¶ 39 By contrast, Wis. Stat. ch. 55 contains no such requirement and thus imposes no such bar on Helen's care. Indeed, ch. 55 has the exact opposite objective: long-term care of people who will likely never be cured. Explaining that objective, the legislature noted in § 55.08(1)(d) that individuals in need of protective services are those who have “a disability that is permanent or likely to be permanent.” Therefore, because Helen's disability is consistent with this purpose, in that it is not treatable given the current state of medical science, and therefore likely to be permanent, we believe that the procedures in ch. 55, not ch. 51, are appropriate.
¶ 40 We do not address whether an individual who has Alzheimer's Disease as well as a Wis. Stat. ch. 51 qualifying illness may be involuntarily committed under ch. 51. Instead, like the court of appeals, we “leave for another day the question of what is proper under the law when a person has a duel diagnosis of Alzheimer's and a Wis. Stat. ch. 51 qualifying illness.” Helen E .F., 333 Wis.2d 740, ¶ 34 n. 6. We trust the circuit court judges of our state to exercise their sound discretion in employing the powers assigned to them by ch. 51.
¶ 41 In sum, Wis. Stat. ch. 55, unlike ch. 51, is better suited for Helen's situation because her Alzheimer's Disease is not treatable. Because ch. 55 provides additional processes and protections for Helen, it is better suited to her needs and those of the County. Accordingly, the circuit court was in error to proceed under ch. 51 and the court of appeals was correct to reverse and remand. We therefore must affirm.
¶ 42 We are asked to decide whether Helen E.F. (“Helen”) may be involuntarily committed under Wis. Stat. ch. 51. After reviewing chs. 51 and 55, we hold that Helen is more appropriately treated under the provisions provided in ch. 55 rather than those in ch. 51. Because Helen's disability is likely to be permanent, she is a proper subject for protective placement and services under ch. 55, which allows for her care in a facility more narrowly tailored to her needs, and which provides her necessary additional process and protections. We conclude that Helen is not a proper subject for treatment because while her Alzheimer's Disease may be managed, she is not medically capable of rehabilitation, as required by the chapter. For these reasons, we agree with the court of appeals that Helen was improperly committed under ch. 51 and we therefore affirm.
The decision of the court of appeals is affirmed.
I agree that Chapter 55 of the Wisconsin Statutes appears to provide the proper procedural avenue for Helen E.F. Chapter 55 is geared toward long-term care and protection, which is suitable for Helen E.F. Chapter 55 also features procedural mechanisms allowing for emergency detention and involuntary administration of psychotropic medication when either is necessary in specific circumstances. See Wis. Stat. §§ 55.12, 55.14.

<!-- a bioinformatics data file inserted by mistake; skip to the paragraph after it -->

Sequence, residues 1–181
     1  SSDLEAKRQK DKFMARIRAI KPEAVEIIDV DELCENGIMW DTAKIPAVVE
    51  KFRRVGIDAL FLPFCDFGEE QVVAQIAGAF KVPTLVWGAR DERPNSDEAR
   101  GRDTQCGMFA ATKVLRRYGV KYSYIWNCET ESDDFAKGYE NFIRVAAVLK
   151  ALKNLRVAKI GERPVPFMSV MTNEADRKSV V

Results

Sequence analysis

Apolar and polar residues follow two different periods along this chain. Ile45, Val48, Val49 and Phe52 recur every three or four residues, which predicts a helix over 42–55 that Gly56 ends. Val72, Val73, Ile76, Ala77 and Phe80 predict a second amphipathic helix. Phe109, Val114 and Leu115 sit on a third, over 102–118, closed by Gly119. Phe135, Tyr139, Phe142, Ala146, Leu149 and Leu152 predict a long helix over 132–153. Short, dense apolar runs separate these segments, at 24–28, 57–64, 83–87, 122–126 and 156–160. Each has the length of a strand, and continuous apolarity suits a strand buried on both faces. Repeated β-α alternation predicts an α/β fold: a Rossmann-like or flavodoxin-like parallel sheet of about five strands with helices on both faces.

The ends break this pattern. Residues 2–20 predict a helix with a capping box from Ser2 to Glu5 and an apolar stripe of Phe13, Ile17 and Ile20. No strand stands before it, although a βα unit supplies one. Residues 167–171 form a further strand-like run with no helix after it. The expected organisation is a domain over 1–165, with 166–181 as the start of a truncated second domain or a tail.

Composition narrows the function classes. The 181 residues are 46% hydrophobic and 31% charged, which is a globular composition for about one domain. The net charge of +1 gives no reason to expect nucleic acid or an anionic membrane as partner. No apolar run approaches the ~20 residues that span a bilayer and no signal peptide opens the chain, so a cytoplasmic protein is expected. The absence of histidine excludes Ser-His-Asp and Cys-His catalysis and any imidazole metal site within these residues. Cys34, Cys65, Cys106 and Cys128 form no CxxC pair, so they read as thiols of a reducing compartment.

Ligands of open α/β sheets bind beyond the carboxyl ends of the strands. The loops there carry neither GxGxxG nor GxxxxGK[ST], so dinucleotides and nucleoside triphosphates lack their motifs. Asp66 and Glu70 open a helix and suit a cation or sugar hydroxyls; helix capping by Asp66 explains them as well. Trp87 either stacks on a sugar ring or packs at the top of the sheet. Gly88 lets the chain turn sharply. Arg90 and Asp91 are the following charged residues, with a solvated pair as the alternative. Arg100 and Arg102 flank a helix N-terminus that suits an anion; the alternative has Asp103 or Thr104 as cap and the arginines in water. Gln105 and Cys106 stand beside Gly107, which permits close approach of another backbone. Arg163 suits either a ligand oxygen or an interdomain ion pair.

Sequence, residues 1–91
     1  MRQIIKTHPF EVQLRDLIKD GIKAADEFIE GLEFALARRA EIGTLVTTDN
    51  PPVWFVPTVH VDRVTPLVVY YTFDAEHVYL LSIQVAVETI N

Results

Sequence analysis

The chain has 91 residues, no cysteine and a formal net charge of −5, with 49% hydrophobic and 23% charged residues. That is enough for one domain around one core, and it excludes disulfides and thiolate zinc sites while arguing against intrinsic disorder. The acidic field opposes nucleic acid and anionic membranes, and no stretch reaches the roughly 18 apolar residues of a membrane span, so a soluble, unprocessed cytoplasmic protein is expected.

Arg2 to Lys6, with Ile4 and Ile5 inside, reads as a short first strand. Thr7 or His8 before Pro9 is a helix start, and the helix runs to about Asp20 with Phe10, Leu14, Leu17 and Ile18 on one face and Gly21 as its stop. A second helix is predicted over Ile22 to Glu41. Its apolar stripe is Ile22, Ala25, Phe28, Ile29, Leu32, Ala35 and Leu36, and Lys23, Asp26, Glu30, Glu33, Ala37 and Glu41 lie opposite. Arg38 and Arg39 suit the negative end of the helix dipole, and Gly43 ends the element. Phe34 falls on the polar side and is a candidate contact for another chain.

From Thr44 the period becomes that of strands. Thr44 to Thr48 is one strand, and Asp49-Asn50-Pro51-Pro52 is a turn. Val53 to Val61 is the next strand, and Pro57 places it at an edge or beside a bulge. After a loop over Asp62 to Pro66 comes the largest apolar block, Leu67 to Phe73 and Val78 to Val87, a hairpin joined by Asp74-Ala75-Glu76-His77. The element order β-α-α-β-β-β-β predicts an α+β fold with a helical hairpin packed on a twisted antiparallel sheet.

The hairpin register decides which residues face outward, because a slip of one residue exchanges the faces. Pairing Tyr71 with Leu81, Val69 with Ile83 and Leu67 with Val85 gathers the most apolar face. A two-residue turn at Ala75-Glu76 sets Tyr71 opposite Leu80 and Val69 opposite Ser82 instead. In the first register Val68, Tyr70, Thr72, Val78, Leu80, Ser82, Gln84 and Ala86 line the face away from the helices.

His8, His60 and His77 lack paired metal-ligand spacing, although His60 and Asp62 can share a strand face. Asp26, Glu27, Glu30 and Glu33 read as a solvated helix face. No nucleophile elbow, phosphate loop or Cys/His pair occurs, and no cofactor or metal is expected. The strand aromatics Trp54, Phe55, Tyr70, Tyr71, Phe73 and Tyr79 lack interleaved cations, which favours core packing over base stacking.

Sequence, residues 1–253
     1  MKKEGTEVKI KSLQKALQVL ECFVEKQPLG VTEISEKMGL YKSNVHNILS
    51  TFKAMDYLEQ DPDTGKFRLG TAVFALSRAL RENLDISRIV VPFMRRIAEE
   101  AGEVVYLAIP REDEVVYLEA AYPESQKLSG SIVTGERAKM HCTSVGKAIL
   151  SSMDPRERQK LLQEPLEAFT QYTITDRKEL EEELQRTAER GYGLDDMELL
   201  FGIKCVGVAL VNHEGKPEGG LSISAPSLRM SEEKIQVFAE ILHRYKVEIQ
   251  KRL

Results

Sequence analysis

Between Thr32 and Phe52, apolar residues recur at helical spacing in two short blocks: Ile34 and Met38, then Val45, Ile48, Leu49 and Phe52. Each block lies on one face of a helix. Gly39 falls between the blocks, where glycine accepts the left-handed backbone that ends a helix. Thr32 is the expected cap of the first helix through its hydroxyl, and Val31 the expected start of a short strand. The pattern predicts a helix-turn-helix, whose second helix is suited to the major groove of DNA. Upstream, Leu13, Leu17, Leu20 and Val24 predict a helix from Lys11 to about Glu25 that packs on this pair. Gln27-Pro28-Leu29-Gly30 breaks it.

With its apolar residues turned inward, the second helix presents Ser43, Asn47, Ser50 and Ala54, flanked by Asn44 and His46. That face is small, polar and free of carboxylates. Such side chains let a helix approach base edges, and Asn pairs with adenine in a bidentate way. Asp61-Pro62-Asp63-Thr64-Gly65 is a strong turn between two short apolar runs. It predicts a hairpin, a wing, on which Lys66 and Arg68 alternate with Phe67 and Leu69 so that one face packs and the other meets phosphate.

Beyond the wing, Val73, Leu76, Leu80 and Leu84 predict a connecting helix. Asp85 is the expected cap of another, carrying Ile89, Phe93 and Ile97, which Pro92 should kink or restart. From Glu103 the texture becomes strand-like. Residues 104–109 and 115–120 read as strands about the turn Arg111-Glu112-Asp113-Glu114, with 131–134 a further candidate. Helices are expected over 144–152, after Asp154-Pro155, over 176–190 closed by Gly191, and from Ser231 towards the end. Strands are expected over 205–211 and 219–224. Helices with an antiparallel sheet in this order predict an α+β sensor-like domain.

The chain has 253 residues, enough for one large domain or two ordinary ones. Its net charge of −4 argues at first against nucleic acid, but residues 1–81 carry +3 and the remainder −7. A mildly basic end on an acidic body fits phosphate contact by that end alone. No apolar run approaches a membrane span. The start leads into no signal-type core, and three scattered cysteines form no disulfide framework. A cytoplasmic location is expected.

¶ 45 I write separately for two reasons. First, I write to note some of the difficulties in interpreting Chapters 51 and 55. Despite the fact that the chapters ostensibly serve different purposes, there is substantial overlap and similarity between some aspects of the two chapters. It is a challenge, at times, to determine whether Chapter 51, 55, or both are available in a particular case.
¶ 46 Second, I write to highlight what I see as possible implications of the majority opinion. A wide and heterogeneous group of people is subject to Chapter 51, 55, or both. Throughout the chapters, the legislature seemingly attempted to categorize people, providing different procedures for different categories, such as people with “degenerative brain disorders,” people with “developmental disabilities,” people who are “mentally ill,” and people who are “drug dependent.” But the legislature also considers which procedural mechanisms are to be used based on the person's behavior, which does not necessarily hinge on the statutory category into which the person falls.
¶ 47 A tension exists in the texts of the statutes (and the application of the statutes) between on the one hand lumping together all people with a certain condition and on the other hand considering the symptoms and conduct of the individual. The tension between the more rigid categories of people with a certain condition and the more flexible behavioral standards is palpable in the majority opinion. Does this opinion govern all Alzheimer's patients or only Helen E.F.?